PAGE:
Patrick Reusse
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The Timberwolves were playing Wednesday night at Target Center, and I had an urge to cast my eyes on these Rosas-ians.

They haven't been much in view for us YouTube TV streamers, what with the absence of Fox Sports North, so the option was a media credential, for which I managed to obtain approval.

The social distancing is substantial for media workers at Target Center, and that was particularly so since Youngblood (Star Tribune), Frederick (Pioneer Press) and Krawczynski (The Athletic) were covering it from home.

These gents are much more adept at Zoom, the whatcha-ma-dealie on which all pregame and postgame interviews are conducted, than me. Plus, I'm assuming they are blessed with FSN, rather than relying strictly on Alan Horton's words-eye view on the radio.

The only downside to the home-bound sportswriters in COVID times is you can't take a little walk, stand 10 feet away and share a few smart-aleck remarks through masks during timeouts and quarter breaks.

It has been close to a decade since San Antonio's much-honored coach, Gregg Popovich, started giving periodic nights off to star players. That gained in popularity, and so did not asking players to take the court with moderate ailments in the middle of the NBA's relentless schedule.

This has made the pregame list of missing players longer in recent years. Now, you throw in COVID and there many times you look at a box score and say, "Why do they have the B Squad game here?''

That was the case again Wednesday. The Wolves were missing KAT, Ricky Rubio and Juancho Hernangomez due to COVID issues. The Magic was missing five players due to injuries and another with a COVID issue.

Orlando's one player of note was Nikola Vucevic, the 6-foot-11, 30-year-old center – tough inside and no longer bashful about firing up a three.

Naz Reid, KAT's much-used backup, had the task early and Vucevic was eating his dinner. Eventually, Reid and the Wolves did enough leaning on Vucevic to cause a few misses inside.

The Wolves had a run later in the first quarter, and then Vucevic took the traditional star's break at the start of the second. The horrid play was unimaginable from Orlando's collection of ragamuffins. The Wolves had a 32-6 streak.

This was when my fellow scribes were really missed, because it's not much fun to offer smart-aleck remarks only to yourself.

Vucevic returned in an attempt to stop the free fall. After less than two minutes, the Magic gave up another basket, and it looked as if Vucevic wasn't going to budge from that end of the court if coach Steve Clifford failed to call a timeout.

The Magic ordered a set play. Vucevic rolled wide open to the basket. The ballhandler stared at the big man and didn't make a pass. Steam appeared to rise from the top of Vucevic's head.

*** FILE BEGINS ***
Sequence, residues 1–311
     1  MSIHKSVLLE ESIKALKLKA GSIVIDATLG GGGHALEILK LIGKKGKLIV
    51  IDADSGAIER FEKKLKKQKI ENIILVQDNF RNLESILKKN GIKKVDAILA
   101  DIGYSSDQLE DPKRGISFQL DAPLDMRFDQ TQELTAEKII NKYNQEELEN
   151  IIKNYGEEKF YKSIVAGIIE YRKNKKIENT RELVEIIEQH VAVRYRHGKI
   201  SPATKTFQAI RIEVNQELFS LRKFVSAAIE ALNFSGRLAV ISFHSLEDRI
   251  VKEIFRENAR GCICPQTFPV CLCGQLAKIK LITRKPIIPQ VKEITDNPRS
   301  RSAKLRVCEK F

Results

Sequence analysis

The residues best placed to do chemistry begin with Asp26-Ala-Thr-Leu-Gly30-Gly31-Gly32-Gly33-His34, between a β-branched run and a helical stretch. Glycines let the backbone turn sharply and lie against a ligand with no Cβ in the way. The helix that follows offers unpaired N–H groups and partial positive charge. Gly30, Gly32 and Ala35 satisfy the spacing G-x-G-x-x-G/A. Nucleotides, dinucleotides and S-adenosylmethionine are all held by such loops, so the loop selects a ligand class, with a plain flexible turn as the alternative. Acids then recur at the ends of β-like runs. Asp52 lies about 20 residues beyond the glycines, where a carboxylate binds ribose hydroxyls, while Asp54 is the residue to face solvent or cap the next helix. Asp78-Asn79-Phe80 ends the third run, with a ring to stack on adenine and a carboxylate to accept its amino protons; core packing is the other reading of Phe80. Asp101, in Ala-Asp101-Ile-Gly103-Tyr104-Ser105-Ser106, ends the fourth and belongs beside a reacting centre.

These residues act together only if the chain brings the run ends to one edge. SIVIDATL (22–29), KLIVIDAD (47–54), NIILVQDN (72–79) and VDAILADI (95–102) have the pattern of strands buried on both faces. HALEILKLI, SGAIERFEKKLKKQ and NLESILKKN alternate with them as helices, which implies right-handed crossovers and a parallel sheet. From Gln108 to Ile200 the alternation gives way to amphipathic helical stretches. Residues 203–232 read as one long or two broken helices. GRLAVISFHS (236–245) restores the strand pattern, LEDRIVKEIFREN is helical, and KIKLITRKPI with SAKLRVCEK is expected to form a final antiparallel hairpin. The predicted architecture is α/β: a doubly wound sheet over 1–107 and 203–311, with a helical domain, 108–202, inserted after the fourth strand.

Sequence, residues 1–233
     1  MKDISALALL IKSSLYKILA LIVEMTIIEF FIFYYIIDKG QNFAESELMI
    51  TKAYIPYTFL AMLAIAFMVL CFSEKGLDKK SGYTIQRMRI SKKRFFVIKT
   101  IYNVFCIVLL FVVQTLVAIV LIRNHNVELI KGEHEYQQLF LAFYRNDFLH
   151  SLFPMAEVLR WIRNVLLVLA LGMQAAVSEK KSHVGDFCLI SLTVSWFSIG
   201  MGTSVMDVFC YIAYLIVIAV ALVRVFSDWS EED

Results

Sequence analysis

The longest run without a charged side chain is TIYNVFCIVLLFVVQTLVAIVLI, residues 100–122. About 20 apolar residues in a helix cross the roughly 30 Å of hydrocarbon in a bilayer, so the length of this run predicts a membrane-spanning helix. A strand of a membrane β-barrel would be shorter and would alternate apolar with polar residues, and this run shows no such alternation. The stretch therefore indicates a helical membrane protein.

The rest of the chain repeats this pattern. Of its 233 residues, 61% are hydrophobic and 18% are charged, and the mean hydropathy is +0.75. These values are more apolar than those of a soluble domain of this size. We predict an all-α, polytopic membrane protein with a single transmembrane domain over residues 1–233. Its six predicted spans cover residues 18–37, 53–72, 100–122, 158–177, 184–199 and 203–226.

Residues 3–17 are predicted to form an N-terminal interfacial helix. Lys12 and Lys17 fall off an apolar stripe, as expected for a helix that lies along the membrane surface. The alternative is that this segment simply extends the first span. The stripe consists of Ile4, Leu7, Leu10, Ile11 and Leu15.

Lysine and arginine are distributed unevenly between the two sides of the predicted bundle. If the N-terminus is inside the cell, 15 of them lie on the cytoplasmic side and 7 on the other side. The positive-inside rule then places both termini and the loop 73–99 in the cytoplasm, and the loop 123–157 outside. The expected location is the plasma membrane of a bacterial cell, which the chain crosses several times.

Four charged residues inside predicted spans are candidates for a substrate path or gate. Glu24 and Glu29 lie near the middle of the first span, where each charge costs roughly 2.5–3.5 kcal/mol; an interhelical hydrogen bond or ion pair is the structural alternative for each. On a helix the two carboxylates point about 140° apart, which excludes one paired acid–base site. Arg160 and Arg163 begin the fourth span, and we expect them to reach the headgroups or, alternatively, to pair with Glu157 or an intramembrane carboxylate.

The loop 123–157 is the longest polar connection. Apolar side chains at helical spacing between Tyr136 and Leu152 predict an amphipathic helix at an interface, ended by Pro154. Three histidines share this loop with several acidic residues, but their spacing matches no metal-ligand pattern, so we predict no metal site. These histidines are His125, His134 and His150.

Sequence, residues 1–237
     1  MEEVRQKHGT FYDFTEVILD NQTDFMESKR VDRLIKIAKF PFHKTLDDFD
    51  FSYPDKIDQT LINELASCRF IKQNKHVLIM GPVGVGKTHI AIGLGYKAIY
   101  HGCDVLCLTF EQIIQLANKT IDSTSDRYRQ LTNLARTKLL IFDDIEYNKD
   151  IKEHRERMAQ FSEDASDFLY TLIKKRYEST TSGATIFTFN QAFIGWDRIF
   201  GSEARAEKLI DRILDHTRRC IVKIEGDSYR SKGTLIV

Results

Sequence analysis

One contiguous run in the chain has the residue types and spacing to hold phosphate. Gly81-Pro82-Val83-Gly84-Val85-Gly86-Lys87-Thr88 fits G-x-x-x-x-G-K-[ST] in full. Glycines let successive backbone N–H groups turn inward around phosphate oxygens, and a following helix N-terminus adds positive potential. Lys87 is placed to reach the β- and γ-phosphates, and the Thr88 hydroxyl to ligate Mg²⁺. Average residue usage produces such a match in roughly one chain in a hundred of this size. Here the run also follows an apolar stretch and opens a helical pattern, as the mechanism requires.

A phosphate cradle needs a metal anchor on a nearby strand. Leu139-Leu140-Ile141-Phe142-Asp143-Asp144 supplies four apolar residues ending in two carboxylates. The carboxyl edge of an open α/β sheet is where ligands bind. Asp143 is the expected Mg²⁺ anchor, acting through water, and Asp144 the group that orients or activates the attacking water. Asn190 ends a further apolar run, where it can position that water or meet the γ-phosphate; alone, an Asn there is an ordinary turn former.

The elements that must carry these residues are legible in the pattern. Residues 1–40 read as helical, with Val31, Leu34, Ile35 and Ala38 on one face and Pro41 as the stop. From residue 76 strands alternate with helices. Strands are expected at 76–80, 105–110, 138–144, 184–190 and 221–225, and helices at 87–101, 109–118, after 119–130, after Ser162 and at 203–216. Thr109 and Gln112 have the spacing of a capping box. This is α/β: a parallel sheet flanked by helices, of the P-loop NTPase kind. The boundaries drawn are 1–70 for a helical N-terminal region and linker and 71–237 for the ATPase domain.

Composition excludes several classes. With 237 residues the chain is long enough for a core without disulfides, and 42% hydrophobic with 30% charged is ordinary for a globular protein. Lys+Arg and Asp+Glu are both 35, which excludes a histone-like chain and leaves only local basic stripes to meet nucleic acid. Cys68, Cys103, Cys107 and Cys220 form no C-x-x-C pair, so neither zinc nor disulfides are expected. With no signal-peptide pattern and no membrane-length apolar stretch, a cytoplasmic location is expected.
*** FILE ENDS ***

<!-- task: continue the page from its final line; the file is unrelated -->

About all the Magic had going was rookie Anthony Edwards' continued rim-clanging for the Wolves: 3-for-14 on Wednesday, 8-for-30 in his last two games and 9-for-44 in his past four.

I loved Edwards the first time seeing him in person. It was clear that basketball boss Gersson Rosas made the right choice at No. 1, ahead of big man James Wiseman and point guard LaMelo Ball.

Maybe that verdict should have been withheld pending more evidence than Opening Night.

Still, an ineffective Edwards didn't seem much of an obstacle Wednesday. I left the loneliness of Target Center in the third quarter, secure in the knowledge it was impossible for the Wolves to succumb to the Magic, loser of six straight and with half of its team.

I tuned into Horton Vision for the fourth quarter. The Voice of the Wolves has seen amazing defeats in 14 seasons of radio play-by-play. He's also seen one playoff victory (Wolves 121, Rockets 105 on 4-21-2018; thanks, Thibs), so he has that going for him.

I could not believe Horton's lyin' eyes. The Magic was creeping back into the game, mostly through the Wolves' blundering. Finally, there was Jarred Vanderbilt missing two free throws with four seconds left, and rookie Cole Anthony (15th overall) chucking in a hurried three at the buzzer.

Magic 97, Wolves 96.

Anthony made two threes in the final 35 seconds and was 3-for-3 on those for the night. Edwards was 1-for-4 on threes Wednesday, he's shooting 35.9% overall and 27.5% on threes.

The misses haven't made him bashful. Looking at the frequency of shots (a number on drives, admittedly), and shaky defense, I've developed a theory:

Edwards might be better off with Andrew Wiggins than trade partner D'Angelo Russell as a teammate. That's because Russell seems to be an influencer, with both his personality and a game that says, ''Save your energy for taking shots."

Wiggy … he's more of a "you play your game and I'll play mine" guy, which might have better served Edwards.